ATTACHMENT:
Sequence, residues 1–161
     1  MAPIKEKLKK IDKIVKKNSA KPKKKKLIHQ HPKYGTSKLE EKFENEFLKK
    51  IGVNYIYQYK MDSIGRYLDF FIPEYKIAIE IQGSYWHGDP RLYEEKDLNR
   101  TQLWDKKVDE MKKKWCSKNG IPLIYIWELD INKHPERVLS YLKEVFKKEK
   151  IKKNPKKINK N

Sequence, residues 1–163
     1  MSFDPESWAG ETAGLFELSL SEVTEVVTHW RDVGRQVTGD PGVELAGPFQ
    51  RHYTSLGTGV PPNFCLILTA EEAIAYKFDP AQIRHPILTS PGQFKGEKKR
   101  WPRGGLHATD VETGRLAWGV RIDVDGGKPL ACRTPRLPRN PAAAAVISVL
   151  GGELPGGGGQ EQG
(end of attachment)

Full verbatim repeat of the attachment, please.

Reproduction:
Sequence, residues 1–161
     1  MAPIKEKLKK IDKIVKKNSA KPKKKKLIHQ HPKYGTSKLE EKFENEFLKK
    51  IGVNYIYQYK MDSIGRYLDF FIPEYKIAIE IQGSYWHGDP RLYEEKDLNR
   101  TQLWDKKVDE MKKKWCSKNG IPLIYIWELD INKHPERVLS YLKEVFKKEK
   151  IKKNPKKINK N

Sequence, residues 1–163
     1  MSFDPESWAG ETAGLFELSL SEVTEVVTHW RDVGRQVTGD PGVELAGPFQ
    51  RHYTSLGTGV PPNFCLILTA EEAIAYKFDP AQIRHPILTS PGQFKGEKKR
   101  WPRGGLHATD VETGRLAWGV RIDVDGGKPL ACRTPRLPRN PAAAAVISVL
   151  GGELPGGGGQ EQG